2x end mount for 8mm rod
1x  8mm leadscrew 250 mm long
1x 8mm flange bearing.

Rest was scrounged from the Z failure.
You can also see some rubber strip I used to help damp the spindle noise but that has to be positioned carefully otherwise you will throw out the the tooling alignment.
Just had enough room on the machine to get most of the depth needed for the bearing holes etc in the wood with a long series 6mm end mill, and finished off on a regular drill stand.

Other pic shows the plywood dust catching and fan.
It will take two fans if I want as there is a plate over the second hole.

I would be wary of EPOXY RESIN as it has a tendency to fracture under stress. You will encounter stress in more than one way LOL.

Bob
Title: Re: desktop CNC advice request
Post by: DangerToMyself on Oct 26, 2019, 01:03 am
I would be wary of EPOXY RESIN as it has a tendency to fracture under stress. You will encounter stress in more than one way LOL.

Bob
I really should have thought of that. I built an electric guitar for my son last Christmas and finished it with clear epoxy. Makes for one heck of a mirror shine when all buffed out. But he bumped it pretty hard going through a doorway and it popped a big chunk out. Was a pretty easy repair. Way easier than a paint finish.

I'll probably start out similar to yours by using a hard wood. Once I figure everything out I should say.

Just did the "make offer" thing on a 3018 on eBay. Have to wait and see if they'll go for it. Their original price was well below anything on Amazon. And I asked for another 30% off. We'll see.
Title: Re: desktop CNC advice request
Post by: ballscrewbob on Oct 26, 2019, 06:00 am
30% less I would consider a bit of an insult so don't be surprised if you don't get an answer.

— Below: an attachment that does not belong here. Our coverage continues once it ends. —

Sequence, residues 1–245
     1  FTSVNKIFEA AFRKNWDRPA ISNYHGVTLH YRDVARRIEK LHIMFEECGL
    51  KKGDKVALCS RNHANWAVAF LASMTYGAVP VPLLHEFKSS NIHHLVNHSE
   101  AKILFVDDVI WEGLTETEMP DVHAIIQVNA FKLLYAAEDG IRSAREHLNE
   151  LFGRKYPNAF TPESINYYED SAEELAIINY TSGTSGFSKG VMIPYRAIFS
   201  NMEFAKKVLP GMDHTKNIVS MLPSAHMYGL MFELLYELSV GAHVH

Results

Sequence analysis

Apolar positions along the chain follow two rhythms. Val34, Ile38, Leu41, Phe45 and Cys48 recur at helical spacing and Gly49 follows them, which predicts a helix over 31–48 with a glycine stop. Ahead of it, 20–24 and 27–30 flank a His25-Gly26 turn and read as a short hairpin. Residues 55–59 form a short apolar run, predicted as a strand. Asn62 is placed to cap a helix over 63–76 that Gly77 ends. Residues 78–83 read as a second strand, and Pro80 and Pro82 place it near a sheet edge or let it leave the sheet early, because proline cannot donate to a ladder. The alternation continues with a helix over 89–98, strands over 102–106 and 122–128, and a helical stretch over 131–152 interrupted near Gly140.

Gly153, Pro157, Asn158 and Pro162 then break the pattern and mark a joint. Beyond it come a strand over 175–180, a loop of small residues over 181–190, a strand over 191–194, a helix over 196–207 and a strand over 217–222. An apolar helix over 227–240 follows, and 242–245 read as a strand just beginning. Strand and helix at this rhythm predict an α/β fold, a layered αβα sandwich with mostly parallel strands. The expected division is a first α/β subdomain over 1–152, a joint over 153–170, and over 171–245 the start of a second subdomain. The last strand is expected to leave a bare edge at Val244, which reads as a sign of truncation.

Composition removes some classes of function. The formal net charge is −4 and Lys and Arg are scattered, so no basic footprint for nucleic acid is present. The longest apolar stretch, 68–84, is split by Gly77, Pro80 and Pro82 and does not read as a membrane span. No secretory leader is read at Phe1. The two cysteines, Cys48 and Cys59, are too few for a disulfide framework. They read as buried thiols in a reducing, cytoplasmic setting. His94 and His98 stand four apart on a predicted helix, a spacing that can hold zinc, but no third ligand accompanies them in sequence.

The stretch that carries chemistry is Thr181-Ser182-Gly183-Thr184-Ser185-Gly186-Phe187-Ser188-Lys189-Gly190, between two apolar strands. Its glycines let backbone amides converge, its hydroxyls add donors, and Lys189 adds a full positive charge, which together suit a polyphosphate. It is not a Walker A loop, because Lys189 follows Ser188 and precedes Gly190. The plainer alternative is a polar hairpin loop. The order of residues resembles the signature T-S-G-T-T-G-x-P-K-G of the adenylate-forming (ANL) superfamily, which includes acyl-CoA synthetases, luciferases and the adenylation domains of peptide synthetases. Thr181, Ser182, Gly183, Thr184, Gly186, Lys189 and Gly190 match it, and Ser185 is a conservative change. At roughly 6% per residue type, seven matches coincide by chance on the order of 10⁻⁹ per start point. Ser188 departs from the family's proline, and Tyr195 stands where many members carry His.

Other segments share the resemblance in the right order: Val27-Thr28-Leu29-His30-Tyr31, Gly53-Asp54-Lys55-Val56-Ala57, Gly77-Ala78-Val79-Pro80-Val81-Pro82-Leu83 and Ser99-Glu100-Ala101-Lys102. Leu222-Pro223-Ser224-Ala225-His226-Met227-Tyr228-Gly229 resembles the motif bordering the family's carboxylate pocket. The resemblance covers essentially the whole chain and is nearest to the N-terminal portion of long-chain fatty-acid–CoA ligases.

Good thing is the machine is capable of making its own spare parts in some cases.
Better thing is, you can design them without the flaws and some built in improvements.

There are some advantages to using hardwood on these smaller machines.

1. If you use the GRAIN to its advantage it can add quite a bit of strength.
2. It does help soak noise and vibration.
3. The size you are using makes it super cheap and affordable. (or in my case free)
4. Easy to make even if you don't have the machine to begin with. (my prototype was just done on the drill)
5. This is an important one. As you use grease to keep the bearings lubed that soaks into the wood and enhances the strength even more as it feeds the wood (so to speak)

Bob.


Title: Re: desktop CNC advice request
Post by: DangerToMyself on Oct 26, 2019, 06:07 pm
Quote from: ballscrewbob
30% less I would consider a bit of an insult so don't be surprised if you don't get an answer.
I heard back on that offer. Person said listed price was the price. No negotiating. Replied back with a higher price and asked why have that option available. Got a reply stating it would be removed from future postings.

Going to order one that doesn't come with the ER11 collet. But I'm also going to order a better spindle. Seems most of those I'm finding come with the collet.

I'm open to input on what to look for in a decent spindle. Of course, an ER11 is pretty much mandatory. And bare minimum of 300W. But looking for 400+.

Title: Re: desktop CNC advice request
Post by: DangerToMyself on Oct 26, 2019, 06:10 pm
Also, regarding the use of wood to recreate/modify the plastics. Thinking about using plywood layered together. That should take care of strength in just about every direction. Plus, I have plenty on hand. Thoughts?
Title: Re: desktop CNC advice request
Post by: ballscrewbob on Oct 26, 2019, 08:18 pm
Decent plywood properly laminated and glued etc would be a great substitute for just hardwood.
Probably marine grade as the glues used are better than regular ply.

Last spindle I got was this one (https://www.aliexpress.com/item/32341330193.html?spm=a2g0s.9042311.0.0.27424c4dDeC9zK).
Love it and extended the pot wires a bit so I could place it better.
Also fitted a proper switch rather than the wire jumper for on/off.
Bonus is that it will drop in to a larger machine because it has the MACH option too.
Sort of thinking ahead of myself LOL.

Bob.
Title: Re: desktop CNC advice request
Post by: DangerToMyself on Oct 26, 2019, 09:25 pm
Last spindle I got was this one (https://www.aliexpress.com/item/32341330193.html?spm=a2g0s.9042311.0.0.27424c4dDeC9zK).
That is weird. The one you have linked is one of two I have in my cart. The other one is roughly the same price but doesn't have nearly as much with it. Just the spindle, collet and driver. And now that I'm looking at them side by side, I think they're exactly the same driver and spindle. So, I guess it's a no brainier on which to delete from my cart. Still eyeballing others but seems like best bang for the buck. And most likely the one I'll order.